You don’t have to be a technophobe to dismiss out of hand the idea of reading on a machine. Maybe it is muscle memory, but there is something deeply satisfying about a “real” book, whose binding you can crack and fold as you move from beginning to end. E-books, by contrast, are ephemeral. Yes you can carry thousands of them in your pocket, but what do you have to show for it? Then, one day, you find yourself housebound, and Wolf Hall has just won the Booker Prize, and you download a sample onto your iPhone, and just like with a book you are pulled into the story, and your resistance disappears. You press the “buy” button—its so easy!—and that is how it starts.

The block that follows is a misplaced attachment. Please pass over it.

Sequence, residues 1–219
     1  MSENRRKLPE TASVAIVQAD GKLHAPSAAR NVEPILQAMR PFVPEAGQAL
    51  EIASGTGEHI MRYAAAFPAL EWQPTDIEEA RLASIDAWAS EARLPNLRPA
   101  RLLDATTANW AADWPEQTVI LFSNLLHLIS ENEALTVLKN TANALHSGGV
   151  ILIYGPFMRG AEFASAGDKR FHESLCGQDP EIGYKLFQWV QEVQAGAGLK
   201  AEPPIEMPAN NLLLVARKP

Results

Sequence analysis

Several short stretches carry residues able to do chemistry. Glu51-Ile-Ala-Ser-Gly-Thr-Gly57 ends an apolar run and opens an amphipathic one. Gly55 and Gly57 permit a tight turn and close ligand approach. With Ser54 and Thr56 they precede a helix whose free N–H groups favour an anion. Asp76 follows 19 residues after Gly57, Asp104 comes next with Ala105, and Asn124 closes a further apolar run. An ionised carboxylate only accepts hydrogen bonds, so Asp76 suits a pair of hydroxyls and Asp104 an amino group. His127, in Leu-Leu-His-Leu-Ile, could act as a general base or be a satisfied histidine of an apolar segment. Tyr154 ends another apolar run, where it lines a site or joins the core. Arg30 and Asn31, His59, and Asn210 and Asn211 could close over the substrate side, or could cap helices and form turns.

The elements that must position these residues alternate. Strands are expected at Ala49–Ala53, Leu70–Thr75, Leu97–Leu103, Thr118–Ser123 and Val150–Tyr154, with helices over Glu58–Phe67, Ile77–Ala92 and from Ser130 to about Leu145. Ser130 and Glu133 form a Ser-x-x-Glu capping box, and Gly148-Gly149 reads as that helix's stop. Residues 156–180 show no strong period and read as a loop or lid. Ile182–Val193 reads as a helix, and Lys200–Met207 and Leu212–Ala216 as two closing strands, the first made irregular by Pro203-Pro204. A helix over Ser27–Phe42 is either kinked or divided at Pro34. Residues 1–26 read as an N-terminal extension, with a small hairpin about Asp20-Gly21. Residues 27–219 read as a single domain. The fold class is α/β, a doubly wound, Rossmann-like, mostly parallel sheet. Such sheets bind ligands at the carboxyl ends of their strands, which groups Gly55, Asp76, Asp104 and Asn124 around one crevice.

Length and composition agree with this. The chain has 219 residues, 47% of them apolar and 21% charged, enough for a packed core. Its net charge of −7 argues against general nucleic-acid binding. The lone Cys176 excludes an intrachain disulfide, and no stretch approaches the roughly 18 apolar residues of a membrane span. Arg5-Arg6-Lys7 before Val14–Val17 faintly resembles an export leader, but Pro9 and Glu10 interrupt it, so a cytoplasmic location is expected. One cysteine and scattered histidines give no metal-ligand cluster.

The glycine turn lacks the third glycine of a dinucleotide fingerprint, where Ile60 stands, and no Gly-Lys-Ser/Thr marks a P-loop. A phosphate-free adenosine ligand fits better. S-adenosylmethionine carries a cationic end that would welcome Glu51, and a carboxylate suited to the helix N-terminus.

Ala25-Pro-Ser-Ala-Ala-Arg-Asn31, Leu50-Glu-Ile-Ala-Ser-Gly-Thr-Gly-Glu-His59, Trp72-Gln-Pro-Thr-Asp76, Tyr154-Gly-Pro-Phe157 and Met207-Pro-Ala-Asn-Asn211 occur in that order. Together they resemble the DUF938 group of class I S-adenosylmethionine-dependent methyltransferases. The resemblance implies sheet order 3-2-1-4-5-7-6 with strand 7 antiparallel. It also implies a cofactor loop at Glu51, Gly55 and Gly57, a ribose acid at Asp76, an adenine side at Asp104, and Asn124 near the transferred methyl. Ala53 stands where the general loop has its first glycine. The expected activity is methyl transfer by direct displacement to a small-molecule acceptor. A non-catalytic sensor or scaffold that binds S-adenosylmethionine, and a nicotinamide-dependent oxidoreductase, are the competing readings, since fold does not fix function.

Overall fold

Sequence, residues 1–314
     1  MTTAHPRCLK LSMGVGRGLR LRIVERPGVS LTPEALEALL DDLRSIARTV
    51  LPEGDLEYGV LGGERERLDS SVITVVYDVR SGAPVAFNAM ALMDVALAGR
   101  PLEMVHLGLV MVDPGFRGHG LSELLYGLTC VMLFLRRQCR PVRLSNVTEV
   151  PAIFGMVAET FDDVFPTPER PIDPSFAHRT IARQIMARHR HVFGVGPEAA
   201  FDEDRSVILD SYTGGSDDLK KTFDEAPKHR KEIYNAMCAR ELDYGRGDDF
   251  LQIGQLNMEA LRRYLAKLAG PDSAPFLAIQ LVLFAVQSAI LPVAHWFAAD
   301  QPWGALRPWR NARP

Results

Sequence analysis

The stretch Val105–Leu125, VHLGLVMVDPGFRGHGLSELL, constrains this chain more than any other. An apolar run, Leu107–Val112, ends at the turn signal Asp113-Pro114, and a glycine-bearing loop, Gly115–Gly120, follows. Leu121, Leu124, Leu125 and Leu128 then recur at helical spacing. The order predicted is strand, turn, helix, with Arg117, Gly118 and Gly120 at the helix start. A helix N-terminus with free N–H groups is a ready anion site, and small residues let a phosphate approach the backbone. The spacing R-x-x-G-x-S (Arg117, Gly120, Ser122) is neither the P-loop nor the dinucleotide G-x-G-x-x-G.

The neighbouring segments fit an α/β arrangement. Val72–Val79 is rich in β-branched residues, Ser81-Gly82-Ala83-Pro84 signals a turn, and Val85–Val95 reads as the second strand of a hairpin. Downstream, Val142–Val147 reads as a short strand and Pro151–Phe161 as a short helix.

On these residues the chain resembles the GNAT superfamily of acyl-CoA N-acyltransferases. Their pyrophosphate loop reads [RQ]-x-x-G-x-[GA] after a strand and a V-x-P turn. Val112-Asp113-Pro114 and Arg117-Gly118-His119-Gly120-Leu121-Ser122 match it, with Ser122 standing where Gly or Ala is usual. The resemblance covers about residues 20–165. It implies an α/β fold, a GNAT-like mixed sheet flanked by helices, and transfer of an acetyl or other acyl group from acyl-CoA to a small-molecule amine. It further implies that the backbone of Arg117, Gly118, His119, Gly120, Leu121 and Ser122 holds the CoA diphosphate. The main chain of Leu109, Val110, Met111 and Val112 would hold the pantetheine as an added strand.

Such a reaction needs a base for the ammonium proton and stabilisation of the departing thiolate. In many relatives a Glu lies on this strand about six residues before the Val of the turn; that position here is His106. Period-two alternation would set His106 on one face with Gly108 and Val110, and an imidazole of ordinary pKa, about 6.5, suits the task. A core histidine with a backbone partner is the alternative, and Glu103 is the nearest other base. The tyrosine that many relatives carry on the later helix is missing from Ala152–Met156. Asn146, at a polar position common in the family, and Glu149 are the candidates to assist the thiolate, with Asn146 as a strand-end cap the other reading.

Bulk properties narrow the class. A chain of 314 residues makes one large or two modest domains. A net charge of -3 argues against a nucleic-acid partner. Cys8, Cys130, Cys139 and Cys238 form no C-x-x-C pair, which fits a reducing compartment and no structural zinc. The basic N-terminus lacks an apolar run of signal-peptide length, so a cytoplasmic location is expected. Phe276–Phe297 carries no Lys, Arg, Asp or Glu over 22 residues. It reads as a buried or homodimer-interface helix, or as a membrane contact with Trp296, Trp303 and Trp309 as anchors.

This article is available to subscribers only.
Please choose from one of the options below to access this article:
Purchase a print subscription (20 issues per year) and also receive online access to all articles published within the last five years.
Purchase an Online Edition subscription and receive full access to all articles published by the Review since 1963.